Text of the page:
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  • Potential conflict of interest: Nothing to report.

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We thank Drs Chen and Tang for their interest in our article on quantitative hepatitis B e antigen (HbeAg). Using multivariate logistic regression analysis on baseline characteristics, HBeAg and hepatitis B virus (HBV) DNA were both independent predictors of sustained HBeAg seroconversion in our study (Table 1), in addition to alanine aminotransferase levels (ALT). If we look at the HBV DNA and HBeAg levels during treatment, as the authors request, we do see a correlation between the HBeAg and HBV DNA levels (Table 2). The highest response rates are seen in the patients with lowest HBeAg levels, while within patients with lower or higher HBeAg levels, the level of HBV DNA had little effect (Fig. 1). This finding suggests that both factors could be taken into consideration to monitor on-treatment response to therapy. However, the data presented in our article, including the negative predictive value of HBeAg (compared to HBV DNA), the receiver operating characteristic curves, and the differentiation of late versus nonresponders, suggest that if one had to choose, then HBeAg would be superior to HBV DNA in predicting HBeAg seroconversion after treatment.

Table 1. Multivariate Logistic Regression Analysis on Baseline Variables and Sustained HBeAg Seroconversion 6 Months After Treatment
VariableComparisonOdds Ratio (95% CI)P Value
  1. Abbreviations: Peg-IFN α-2a, peginterferon alfa-2a; LAM, lamivudine

Age10 year increase0.97 (0.81–1.16)0.716
SexFemale versus Male1.49 (0.96–2.30)0.077
Genotype   
 A versus B1.42 (0.41–4.94)0.580
 A versus C1.80 (0.54–6.01)0.342
 A versus D2.05 (0.67–6.26)0.210
 B versus C1.26 (0.86–1.86)0.235
 B versus D1.44 (0.37–5.58)0.598
 C versus D1.14 (0.30–4.28)0.848
RaceAsian versus Caucasian/Other1.20 (0.38–3.82)0.757
Body weight10 kg increase0.98 (0.84–1.14)0.790
ALT1 log10 unit (IU/L) increase2.71 (1.57–4.68)<0.001
HBV DNA1 log10 unit (copies/mL) decrease1.20 (1.08–1.33)0.001
HBeAg1 log10 unit (IU/mL) decrease1.52 (1.25–1.85)<0.001
TreatmentPeg-IFN α-2a versus LAM2.05 (1.34–3.12)<0.001
 Peg-IFN α-2a + LAM versus LAM1.71 (1.11–2.63)0.015
 Peg-IFN α-2a versus Peg-IFN α-2a + LAM0.83 (0.56–1.24)0.366
Table 2. Relationship Between HBeAg and HBV DNA at Baseline and During Treatment
Time pointHBeAg PEIU/mL
<1010–100>100
Baseline   
Number of patientsN = 39N = 60N = 168
Mean ± SD (log10 copies/mL)7.7 ± 2.089.4 ± 1.3410.6 ± 1.81
Median (log10 copies/mL)8.19.510.0
Range (log10 copies/mL)4.4–12.74.9–13.14.9–16.1
Week 12   
Number of patientsN = 112N = 62N = 90
Mean ± SD (log10 copies/mL)4.6 ± 1.937.4 ± 2.179.2 ± 1.82
Median (log10 copies/mL)4.57.89.1
Range (log10 copies/mL)2.3–12.53.1–13.54.9–15.7
Week 24   
Number of patientsN = 138N = 54N = 71
Mean ± SD (log10 copies/mL)4.0 ± 1.717.3 ± 2.489.0 ± 1.64
Median (log10 copies/mL)3.76.69.1
Range (log10 copies/mL)2.3–9.63.4–15.15.3–13.1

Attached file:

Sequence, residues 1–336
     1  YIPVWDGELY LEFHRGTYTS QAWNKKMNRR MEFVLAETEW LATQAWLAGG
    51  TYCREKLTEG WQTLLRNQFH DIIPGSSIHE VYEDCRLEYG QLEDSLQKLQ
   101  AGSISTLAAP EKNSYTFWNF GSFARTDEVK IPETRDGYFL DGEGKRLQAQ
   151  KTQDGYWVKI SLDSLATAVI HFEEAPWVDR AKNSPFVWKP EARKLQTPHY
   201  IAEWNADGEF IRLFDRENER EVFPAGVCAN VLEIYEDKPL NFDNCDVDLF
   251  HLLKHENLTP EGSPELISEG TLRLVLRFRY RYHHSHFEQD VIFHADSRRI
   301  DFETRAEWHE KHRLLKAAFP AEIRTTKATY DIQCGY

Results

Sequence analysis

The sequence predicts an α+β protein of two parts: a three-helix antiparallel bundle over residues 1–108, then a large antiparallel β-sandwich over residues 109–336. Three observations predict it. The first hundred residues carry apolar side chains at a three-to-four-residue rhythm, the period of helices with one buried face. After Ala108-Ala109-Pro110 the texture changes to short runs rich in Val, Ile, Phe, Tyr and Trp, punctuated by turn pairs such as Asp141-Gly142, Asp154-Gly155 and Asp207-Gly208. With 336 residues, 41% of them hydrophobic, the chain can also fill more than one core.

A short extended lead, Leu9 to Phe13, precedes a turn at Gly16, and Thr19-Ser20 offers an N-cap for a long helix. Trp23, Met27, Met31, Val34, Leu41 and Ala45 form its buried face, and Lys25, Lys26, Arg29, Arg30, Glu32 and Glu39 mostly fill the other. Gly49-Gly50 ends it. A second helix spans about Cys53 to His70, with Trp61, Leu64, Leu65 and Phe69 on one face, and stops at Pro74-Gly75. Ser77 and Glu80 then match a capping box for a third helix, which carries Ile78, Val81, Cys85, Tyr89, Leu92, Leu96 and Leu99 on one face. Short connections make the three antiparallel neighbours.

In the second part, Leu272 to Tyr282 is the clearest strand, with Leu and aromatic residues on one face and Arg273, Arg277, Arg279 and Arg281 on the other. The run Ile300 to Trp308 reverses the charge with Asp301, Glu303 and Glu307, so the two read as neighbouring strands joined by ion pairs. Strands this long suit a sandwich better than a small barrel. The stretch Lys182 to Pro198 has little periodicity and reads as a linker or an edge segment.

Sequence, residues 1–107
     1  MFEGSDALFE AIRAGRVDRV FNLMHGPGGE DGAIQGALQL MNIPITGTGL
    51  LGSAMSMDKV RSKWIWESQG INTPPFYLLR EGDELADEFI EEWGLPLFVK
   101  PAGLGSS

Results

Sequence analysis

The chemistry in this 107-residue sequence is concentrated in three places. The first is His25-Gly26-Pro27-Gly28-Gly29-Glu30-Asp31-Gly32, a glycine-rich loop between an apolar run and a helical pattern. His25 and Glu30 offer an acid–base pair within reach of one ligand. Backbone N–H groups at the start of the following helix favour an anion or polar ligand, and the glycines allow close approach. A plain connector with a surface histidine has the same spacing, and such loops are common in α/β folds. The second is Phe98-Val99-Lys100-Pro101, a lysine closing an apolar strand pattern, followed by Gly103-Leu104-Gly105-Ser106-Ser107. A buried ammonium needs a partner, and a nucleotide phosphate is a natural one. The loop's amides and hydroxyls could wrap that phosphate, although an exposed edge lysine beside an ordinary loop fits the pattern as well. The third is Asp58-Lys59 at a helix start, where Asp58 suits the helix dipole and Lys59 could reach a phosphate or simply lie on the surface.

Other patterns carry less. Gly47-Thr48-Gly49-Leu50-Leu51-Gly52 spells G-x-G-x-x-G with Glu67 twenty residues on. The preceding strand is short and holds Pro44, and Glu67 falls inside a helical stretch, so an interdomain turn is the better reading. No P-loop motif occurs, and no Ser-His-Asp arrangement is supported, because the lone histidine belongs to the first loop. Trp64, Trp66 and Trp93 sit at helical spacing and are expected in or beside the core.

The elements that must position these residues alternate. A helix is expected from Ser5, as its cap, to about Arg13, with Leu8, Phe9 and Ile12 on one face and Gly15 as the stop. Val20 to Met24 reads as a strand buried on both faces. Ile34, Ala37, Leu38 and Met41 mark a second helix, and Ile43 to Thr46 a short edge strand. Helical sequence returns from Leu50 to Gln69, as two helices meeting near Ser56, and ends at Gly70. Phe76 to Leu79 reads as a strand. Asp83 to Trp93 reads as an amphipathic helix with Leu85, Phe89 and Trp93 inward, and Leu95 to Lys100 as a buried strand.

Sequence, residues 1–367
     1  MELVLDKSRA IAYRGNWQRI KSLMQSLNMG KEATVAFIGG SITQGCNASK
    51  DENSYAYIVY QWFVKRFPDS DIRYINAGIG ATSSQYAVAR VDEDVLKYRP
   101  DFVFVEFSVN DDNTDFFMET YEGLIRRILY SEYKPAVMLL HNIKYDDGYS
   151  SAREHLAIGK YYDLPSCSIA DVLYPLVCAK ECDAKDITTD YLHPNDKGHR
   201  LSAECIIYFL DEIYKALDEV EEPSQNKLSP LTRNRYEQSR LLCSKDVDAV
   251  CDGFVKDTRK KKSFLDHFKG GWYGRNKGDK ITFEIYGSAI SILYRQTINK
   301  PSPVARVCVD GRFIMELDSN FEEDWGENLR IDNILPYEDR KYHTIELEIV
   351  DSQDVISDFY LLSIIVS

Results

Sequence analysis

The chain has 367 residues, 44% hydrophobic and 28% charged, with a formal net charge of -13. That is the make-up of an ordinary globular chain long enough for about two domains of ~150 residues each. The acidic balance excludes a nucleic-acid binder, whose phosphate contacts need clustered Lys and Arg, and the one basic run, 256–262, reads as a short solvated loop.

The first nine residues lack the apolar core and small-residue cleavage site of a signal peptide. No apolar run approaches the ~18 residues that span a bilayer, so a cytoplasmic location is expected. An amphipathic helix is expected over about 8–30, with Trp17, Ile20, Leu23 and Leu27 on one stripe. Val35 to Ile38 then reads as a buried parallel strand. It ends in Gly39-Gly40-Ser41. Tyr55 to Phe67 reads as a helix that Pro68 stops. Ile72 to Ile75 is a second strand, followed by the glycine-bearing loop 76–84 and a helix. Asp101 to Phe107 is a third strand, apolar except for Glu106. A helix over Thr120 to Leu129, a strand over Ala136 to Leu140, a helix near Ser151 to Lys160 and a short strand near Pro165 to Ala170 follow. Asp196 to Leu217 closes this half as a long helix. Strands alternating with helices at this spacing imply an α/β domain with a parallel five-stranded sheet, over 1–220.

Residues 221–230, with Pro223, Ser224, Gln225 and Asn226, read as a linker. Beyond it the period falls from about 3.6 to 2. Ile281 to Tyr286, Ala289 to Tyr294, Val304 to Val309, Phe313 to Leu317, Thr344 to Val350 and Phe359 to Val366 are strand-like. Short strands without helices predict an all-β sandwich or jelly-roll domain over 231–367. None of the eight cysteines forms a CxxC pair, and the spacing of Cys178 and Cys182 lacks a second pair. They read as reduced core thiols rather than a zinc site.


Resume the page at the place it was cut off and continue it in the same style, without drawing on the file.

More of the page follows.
Figure 1.

Sustained HBeAg seroconversion by HBeAg and HBV DNA levels in patients treated with peginterferon alfa-2a monotherapy. Values expressed for HBV DNA and HBeAg (6.9 log10 copies/mL and 18.6 Paul Ehrlich Institute units [PEIU]/mL, respectively) correspond to median levels at week 12.

The authors also requested clarification on how HBV DNA was quantified given the upper working range of 4.0 × 107 copies/mL. The HBV DNA quantification was performed in a central laboratory according to the manufacturer's instructions.1 The assay had a linear range up to at least 200,000 copies/mL (5.3 log10). If the calculated copies per milliliter were above the linear range of the assay, the original sample was diluted with HBV-negative human plasma, and the test was repeated with the result multiplied by the dilution factor. In the interim, newer improved tests with an extended linear range have become available.2 It remains to be determined whether the aforementioned relationships between HBeAg and HBV DNA are similar with newer assays.

It is also worthy to note that since publication of our manuscript there have been several reports on the potential of hepatitis B surface antigen (HbsAg) quantification as an on-treatment marker of sustained response to peginterferon alfa-2a therapy.3–5 Retrospective analysis of HBsAg levels in the patients treated with peginterferon alfa-2a therapy (with or without lamivudine) in the same study that formed the basis of the analysis of HBeAg referred to here, demonstrated that HBsAg levels ≤1500 IU/mL at week 12 and 24 were associated with high rates of HBeAg seroconversion 6 months after treatment of around 50% which were four-fold to five-fold higher than those in patients with HBsAg levels >20,000 IU/mL.6 Thus, as an alternative to HBeAg quantification (for which there is currently no commercially available assay) HBsAg level may prove to be a more widely available adjunct to help predict response to peginterferon alfa-2a therapy. Future studies will incorporate quantitative assessment of HBsAg and HBeAg during treatment to further validate these findings.

Michael W. Fried*, Peter Button*, Teerha Piratvisuth*, George K. K. Lau*, Patrick Marcellin*, Wan-Cheng Chou*, Graham Cooksley*, Kang-Xian Luo*, Seung Woon Paik*, Yun-Fan Liaw*, Matei Popescu*, * Liver Program, University of North Carolina, Chapel Hill, NC.

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